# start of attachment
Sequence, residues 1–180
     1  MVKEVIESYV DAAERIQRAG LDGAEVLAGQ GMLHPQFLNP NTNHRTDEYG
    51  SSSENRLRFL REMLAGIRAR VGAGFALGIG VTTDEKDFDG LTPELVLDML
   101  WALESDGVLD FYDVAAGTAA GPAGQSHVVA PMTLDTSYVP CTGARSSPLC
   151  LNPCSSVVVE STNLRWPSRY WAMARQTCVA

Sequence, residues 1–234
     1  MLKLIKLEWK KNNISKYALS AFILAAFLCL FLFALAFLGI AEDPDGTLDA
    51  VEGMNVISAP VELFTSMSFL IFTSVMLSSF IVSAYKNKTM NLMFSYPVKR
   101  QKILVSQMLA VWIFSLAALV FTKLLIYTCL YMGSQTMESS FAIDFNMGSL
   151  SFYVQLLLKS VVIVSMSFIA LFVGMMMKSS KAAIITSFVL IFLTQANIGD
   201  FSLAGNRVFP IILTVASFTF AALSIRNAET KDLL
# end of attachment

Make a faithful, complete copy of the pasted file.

Sequence, residues 1–180
     1  MVKEVIESYV DAAERIQRAG LDGAEVLAGQ GMLHPQFLNP NTNHRTDEYG
    51  SSSENRLRFL REMLAGIRAR VGAGFALGIG VTTDEKDFDG LTPELVLDML
   101  WALESDGVLD FYDVAAGTAA GPAGQSHVVA PMTLDTSYVP CTGARSSPLC
   151  LNPCSSVVVE STNLRWPSRY WAMARQTCVA

Sequence, residues 1–234
     1  MLKLIKLEWK KNNISKYALS AFILAAFLCL FLFALAFLGI AEDPDGTLDA
    51  VEGMNVISAP VELFTSMSFL IFTSVMLSSF IVSAYKNKTM NLMFSYPVKR
   101  QKILVSQMLA VWIFSLAALV FTKLLIYTCL YMGSQTMESS FAIDFNMGSL
   151  SFYVQLLLKS VVIVSMSFIA LFVGMMMKSS KAAIITSFVL IFLTQANIGD
   201  FSLAGNRVFP IILTVASFTF AALSIRNAET KDLL